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2.8 - DAC [UE9 Datasheet]

There are two DACs (digital-to-analog converters or analog outputs) on the UE9. Each DAC can be set to a voltage between about 0.02 and 4.86 volts with 12-bits of resolution. See our Configuration and Analog Outputs pseudocode pages for programming guidance.

DAC Overview

Although the DAC values are based on an absolute reference voltage, and not the supply voltage, the DAC output buffers are powered internally by Vs and thus the maximum output is limited to slightly less than Vs. Another implication of this is that high frequency power supply noise might couple to the analog outputs.

The analog output commands are sent as raw binary values (low level functions). For a desired output voltage, the binary value can be approximated as:

Bits(uncalibrated) = (Volts/4.86)*4096

For a proper calculation, though, use the calibration values (Slope and Offset) stored in the internal flash on the Control processor (Table 2-4):

Bits = (Slope * Volts) + Offset

The DACs appear both on the screw terminals and on the DB37 connector. These connections are electrically the same, and the user must exercise caution only to use one connection or the other, and not create a short circuit.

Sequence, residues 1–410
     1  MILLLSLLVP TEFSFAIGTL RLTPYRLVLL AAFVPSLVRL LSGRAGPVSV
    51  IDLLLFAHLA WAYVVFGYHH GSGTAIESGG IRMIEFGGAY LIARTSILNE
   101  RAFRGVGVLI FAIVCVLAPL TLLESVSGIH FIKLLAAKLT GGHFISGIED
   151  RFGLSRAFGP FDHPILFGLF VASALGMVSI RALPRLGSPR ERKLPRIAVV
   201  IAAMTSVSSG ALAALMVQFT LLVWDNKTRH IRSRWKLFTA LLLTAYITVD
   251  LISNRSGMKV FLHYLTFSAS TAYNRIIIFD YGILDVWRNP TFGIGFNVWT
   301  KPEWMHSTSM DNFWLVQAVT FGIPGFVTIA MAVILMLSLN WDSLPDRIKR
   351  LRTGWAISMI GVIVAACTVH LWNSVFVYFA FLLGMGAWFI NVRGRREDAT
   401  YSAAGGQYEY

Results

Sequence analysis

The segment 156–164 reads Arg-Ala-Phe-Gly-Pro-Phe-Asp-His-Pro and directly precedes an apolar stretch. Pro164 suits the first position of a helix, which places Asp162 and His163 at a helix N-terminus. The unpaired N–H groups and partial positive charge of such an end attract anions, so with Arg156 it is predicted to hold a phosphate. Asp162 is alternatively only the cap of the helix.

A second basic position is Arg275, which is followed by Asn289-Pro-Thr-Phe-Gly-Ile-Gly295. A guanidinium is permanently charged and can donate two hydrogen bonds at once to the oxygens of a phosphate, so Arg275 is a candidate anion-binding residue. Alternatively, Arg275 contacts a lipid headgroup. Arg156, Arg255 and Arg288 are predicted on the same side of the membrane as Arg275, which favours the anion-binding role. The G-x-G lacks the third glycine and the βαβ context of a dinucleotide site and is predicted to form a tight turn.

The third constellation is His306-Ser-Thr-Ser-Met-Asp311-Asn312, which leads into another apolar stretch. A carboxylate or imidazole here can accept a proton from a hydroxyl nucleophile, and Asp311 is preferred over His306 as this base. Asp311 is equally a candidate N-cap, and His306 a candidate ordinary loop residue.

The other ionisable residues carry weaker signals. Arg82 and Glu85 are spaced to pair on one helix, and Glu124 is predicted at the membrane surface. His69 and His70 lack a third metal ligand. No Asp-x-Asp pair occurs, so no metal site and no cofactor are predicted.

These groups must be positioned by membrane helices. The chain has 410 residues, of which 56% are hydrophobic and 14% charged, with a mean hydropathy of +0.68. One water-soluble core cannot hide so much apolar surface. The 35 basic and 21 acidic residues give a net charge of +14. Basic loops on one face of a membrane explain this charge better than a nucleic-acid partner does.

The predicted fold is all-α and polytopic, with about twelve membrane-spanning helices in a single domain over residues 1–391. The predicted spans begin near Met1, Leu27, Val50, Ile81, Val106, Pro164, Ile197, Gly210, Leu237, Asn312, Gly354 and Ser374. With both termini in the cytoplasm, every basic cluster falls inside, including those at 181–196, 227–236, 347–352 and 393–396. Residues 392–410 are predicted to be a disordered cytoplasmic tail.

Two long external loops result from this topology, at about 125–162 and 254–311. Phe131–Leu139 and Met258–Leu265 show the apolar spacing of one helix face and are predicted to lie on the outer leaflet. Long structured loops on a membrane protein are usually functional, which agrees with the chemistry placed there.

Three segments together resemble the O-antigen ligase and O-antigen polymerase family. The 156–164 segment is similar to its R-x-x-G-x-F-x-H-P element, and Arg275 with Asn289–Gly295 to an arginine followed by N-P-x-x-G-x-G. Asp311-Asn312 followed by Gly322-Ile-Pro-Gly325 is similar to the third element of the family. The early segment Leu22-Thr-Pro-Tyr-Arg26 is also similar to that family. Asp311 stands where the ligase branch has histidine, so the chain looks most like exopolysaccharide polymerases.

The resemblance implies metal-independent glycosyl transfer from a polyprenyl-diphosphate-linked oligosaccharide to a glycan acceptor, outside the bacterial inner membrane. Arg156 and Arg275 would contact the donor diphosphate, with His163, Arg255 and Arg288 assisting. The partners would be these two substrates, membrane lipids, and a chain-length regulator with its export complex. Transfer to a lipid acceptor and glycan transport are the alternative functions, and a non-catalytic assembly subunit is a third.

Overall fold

The DACS on the UE9 can be disabled. Prior to control firmware 1.98 when disabled they are placed in a high-impedance state, firmware 1.98 and later always leaves the DACs enabled. Both DACs are enabled or disabled at the same time, so if a command causes one DAC to be enabled the other is also enabled.

The power-up condition of the DACs can be configured by the user. From the factory, the DACS default to enabled at minimum voltage (~0 volts). Note that even if the power-up default for a line is changed to a different voltage or disabled, there is a delay of about 100 ms at power-up where the DACs are in the factory default condition.

The analog outputs can withstand a continuous short-circuit to ground, even when set at maximum output.

Voltage should never be applied to the analog outputs, as they are voltage sources themselves. In the event that a voltage is accidentally applied to either analog output, they do have protection against transient events such as ESD (electrostatic discharge) and continuous overvoltage (or undervoltage) of a few volts.

There is an accessory available from LabJack called the LJTick-DAC that provides a pair of 14-bit analog outputs with a range of ±10 volts. The LJTick-DAC plugs into any digital I/O block, and thus up to 10 of these can be used per UE9 to add 20 analog outputs.


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